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Our first school shooting: the road to healing will be long

The year marking the tragedy of October 24, 2022 has come and gone, with many questions still unanswered. To answer those nagging questions would bring our community closer to a place of healing. The trauma from a school shooting goes beyond the epicenter, it reverberates widely. It often triggers other traumatic memories that were thought to be deeply buried or forgotten.

The Central Visual and Performing Arts (CVPA) and Collegiate School of Medicine and Bioscience (CSMB) school communities have a right to know, but so does the general public. Jean Kuczka, a beloved staffer at both schools and Alexzandria Bell, a vivacious CVPA student, were gunned down by Orlando Harris, a 2021 graduate. Several other students were injured. Harris was ultimately killed by St. Louis police.

The fast action of first responders in confining the human carnage on that fateful day has been duly acknowledged. However, the incident is far from being neatly tied in a bow and put on a shelf. Trying to move forward without acknowledging the harm of such a horrific event is only adding to the trauma.

There are three critical areas that demand attention. They are coordination, transparency and recovery.

It is difficult to truly be prepared for an active shooter. Clearly there were gaps in coordination that fateful day as outlined in the document, “Gateway Observations and Recommendations.” For example, there was no visible person or team in charge at Gateway STEM High School, the site designated for parents to be reunited with their children after the shooting. Is there now an inter-agency protocol that clearly outlines security procedures and next steps for a community gripped in fear and anxiety?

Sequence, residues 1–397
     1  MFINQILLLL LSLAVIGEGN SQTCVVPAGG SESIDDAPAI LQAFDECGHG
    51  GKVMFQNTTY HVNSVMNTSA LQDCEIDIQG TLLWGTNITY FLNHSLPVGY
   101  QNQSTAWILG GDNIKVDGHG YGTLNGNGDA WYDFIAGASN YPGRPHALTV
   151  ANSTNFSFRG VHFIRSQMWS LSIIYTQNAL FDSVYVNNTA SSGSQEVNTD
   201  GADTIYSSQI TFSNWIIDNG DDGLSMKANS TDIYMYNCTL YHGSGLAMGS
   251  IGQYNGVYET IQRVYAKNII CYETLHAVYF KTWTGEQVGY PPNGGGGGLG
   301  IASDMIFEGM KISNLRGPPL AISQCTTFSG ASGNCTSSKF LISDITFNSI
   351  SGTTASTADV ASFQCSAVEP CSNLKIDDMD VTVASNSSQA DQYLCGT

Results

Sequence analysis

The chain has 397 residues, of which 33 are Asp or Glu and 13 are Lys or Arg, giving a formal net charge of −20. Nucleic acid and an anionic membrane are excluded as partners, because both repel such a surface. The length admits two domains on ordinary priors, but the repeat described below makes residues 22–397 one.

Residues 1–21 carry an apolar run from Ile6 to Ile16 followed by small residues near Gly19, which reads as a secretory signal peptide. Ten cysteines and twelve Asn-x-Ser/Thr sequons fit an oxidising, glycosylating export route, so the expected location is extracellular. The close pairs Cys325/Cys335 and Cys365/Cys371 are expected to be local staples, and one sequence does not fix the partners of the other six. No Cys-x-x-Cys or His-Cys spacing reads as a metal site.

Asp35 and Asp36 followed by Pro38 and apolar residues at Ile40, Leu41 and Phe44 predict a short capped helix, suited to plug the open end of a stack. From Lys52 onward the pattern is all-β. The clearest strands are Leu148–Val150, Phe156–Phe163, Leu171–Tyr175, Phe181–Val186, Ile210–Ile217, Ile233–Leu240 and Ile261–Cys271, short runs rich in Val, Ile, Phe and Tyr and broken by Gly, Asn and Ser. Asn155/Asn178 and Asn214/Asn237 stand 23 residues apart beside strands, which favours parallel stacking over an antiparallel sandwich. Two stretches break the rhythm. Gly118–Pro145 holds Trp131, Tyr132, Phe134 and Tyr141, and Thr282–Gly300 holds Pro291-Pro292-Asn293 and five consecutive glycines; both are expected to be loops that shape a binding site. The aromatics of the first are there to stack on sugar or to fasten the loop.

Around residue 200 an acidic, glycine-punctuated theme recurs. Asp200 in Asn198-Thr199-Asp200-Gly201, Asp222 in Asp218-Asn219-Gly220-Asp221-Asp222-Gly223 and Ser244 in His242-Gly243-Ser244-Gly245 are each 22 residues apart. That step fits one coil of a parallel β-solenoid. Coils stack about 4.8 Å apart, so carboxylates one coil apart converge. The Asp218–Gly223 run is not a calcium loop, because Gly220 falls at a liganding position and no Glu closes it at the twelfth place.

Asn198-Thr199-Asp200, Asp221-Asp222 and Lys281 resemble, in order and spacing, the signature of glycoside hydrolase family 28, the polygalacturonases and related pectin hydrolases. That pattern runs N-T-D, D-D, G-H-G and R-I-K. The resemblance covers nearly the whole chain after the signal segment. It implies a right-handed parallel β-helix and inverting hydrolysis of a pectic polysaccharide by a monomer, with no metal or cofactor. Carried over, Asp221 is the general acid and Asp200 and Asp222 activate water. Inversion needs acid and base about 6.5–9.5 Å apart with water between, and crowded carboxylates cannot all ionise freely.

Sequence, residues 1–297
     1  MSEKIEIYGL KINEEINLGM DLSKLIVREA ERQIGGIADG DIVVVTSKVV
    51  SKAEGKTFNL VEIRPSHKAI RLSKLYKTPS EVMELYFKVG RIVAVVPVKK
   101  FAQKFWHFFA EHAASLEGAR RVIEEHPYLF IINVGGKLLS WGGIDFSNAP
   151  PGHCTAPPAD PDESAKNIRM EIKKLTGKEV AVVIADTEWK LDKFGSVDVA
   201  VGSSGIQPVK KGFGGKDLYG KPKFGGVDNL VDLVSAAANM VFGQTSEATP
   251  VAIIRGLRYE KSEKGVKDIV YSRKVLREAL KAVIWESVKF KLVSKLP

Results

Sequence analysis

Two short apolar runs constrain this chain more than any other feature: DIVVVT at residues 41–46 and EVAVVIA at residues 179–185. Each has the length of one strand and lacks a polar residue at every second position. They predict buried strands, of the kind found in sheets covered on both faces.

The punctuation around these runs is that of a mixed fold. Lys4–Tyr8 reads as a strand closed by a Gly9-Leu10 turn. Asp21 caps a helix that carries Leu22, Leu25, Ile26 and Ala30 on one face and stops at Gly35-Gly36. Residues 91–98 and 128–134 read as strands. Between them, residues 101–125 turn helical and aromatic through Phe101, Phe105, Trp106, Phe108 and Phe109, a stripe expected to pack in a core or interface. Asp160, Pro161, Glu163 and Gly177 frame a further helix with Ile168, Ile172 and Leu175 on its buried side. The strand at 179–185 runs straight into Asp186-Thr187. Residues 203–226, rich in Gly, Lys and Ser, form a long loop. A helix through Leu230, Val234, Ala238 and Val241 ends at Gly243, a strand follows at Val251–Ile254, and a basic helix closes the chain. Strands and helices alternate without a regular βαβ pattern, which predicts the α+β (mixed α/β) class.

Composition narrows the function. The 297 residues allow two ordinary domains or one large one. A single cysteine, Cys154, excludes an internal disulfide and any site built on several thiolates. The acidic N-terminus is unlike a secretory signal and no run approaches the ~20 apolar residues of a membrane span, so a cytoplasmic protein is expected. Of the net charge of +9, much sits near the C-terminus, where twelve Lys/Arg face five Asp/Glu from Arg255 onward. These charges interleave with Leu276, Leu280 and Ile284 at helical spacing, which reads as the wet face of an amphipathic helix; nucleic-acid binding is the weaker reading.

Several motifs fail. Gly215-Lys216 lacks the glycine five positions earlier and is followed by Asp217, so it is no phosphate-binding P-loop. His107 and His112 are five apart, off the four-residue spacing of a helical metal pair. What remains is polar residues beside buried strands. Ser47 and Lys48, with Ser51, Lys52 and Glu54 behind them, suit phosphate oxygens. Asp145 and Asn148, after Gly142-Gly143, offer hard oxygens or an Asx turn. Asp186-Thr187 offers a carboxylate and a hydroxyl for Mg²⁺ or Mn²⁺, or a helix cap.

We deserved a report from the St. Louis Police Department on what happened. In similar school shootings, such as in Ocala, FL and Nashville, TN, the video was released within hours. This allows for a timeline to be constructed to see what lessons can be gleaned to defend against future attempts at mass shootings.

KMOV-TV has tried unsuccessfully to obtain the school surveillance video for the last year, but the reason keeps changing as to why it can’t be released. If the SLPD stays true to its secretive practices, the tapes will be withheld indefinitely under the guise of an “ongoing investigation.” Transparency is not one of this department’s strengths.

The recovery process in a school shooting has been formalized in a guide by the National Association of Secondary School Principals. Sadly, former CVPA principal Dr. Kacy Shahid, is now part of a group of school leaders who have survived a school shooting. Her insights and experiences are particularly unique because St. Louis is a school shooting trifecta: the shooter was an African American teen in an urban public school headed by an African American principal. There’s lots to dissect here.

National eyes were on Dr. Shahid when she and other NASSP colleagues were called to testify before Congress and to meet with Homeland Security representatives on what’s been learned about school shootings. St. Louis Public Schools should be prepared when other urban districts come knocking who are creating safety protocols informed by those who’ve gone through the fire.


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